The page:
Hosiery Denier Guide: What Do Different Denier Tights Look Like?

by Estelle Puleston
Hosiery denier comparison pictures

Disclosure: Links with a * are affiliate links.

Alongside fabric content, one of the things you will pretty much always see listed in a hosiery product description is a ‘denier’ number. But what does it actually mean, and what do the different hosiery deniers look like?

What is denier?

Denier in and of itself is not actually a measure of how sheer/opaque the hosiery is. It indicates how much the yarn it’s knitted from weighs. The name comes from a medieval French coin called a denier, which weighed the same as a 9,000m strand of silk, hence a single silk strand = 1 denier. The coin also weighed roughly the same as a modern gram, which is what we now use to work out denier instead. So, if 9,000m of a yarn weighs 10 grams, then any tights or stockings knitted from it will be 10 denier.

Since denier refers to the weight of the yarn, and that yarn could be packed tightly together or knitted with a more open weave, two stockings with the same denier won’t necessarily look identical. One might be more or less sheer than the other. An extreme example of this would be fishnet – even if made from 200 denier yarn, it’s still going to show a ton of skin! Most modern hosiery is knitted so that you won’t see the individual threads without close inspection, though.

100 vs 140 denier tights, closed vs open knit

There’s also the fact that hosiery deniers are almost always rounded to the nearest 5 or 10. You’re not likely to ever see things like ‘37 denier’ tights, for example. The exception is the ultra-low deniers, where even just a few denier more or fewer can make a difference, and you do therefore get products listed as 5, 6, 7, 8, and 9 denier.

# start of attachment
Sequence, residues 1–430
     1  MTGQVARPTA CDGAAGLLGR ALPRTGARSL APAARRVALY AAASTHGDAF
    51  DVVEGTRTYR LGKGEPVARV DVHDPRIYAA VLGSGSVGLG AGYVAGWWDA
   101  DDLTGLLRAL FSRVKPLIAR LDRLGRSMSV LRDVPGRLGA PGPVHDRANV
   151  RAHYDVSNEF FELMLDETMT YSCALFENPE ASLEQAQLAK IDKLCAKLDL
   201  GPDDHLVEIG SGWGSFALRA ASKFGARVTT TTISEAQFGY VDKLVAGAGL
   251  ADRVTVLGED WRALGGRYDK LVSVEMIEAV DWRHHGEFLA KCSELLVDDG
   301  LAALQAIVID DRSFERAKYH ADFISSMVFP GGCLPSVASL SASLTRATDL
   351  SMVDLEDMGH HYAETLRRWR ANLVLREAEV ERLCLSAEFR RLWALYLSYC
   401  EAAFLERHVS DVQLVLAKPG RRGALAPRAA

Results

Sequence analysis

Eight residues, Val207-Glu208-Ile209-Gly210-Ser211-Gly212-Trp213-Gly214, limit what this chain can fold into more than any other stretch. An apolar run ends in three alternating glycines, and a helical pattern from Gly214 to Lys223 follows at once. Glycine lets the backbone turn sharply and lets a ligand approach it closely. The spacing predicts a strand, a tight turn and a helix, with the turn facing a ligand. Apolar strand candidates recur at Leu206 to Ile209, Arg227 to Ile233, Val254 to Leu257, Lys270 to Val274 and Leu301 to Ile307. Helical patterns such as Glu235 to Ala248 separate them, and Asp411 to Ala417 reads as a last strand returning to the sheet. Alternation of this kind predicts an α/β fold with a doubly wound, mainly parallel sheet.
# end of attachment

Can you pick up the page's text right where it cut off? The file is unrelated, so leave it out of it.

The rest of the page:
It’s worth noting that modern technology has allowed brands to create high-denier hosiery that’s still transparent – an example would be Solidea’s Venere tights, which look practically as sheer in the 140 denier version as in the 30 denier version. However, that’s not the norm.

In practice, denier is a good indicator of what opacity to expect. Heavier fibres and yarns are usually thicker, and hence will create a more opaque product. In fact, we’ve come to associate denier with opacity so much so that you’ll often see tights and stockings described as “20 denier appearance” (for example). That just means that while the actual denier is something different, the look of the product is the same you’d usually get from 20 denier hosiery.

Hosiery denier – a visual guide

So what do all of those deniers typically look like? Below are 12 examples of plain black hosiery at different deniers.

5 denier

5 denier ultra sheer stockings

The hosiery: Pierre Balmain stockings (vintage)*

The appearance: Anything below 10 denier will be ultra sheer. If these stockings were in a nude shade similar to my own skin tone, you’d barely see that they were there.

10 denier

10 denier hosiery (sheer)

The hosiery: Charnos Elegance tights*

The appearance: 10 denier is the upper limit of ‘ultra sheer’ hosiery. However, you can see that those 5 extra denier make a marked difference, at least when we’re talking about a colour that contrasts against your skin tone.

15 denier

15 denier sheer black tights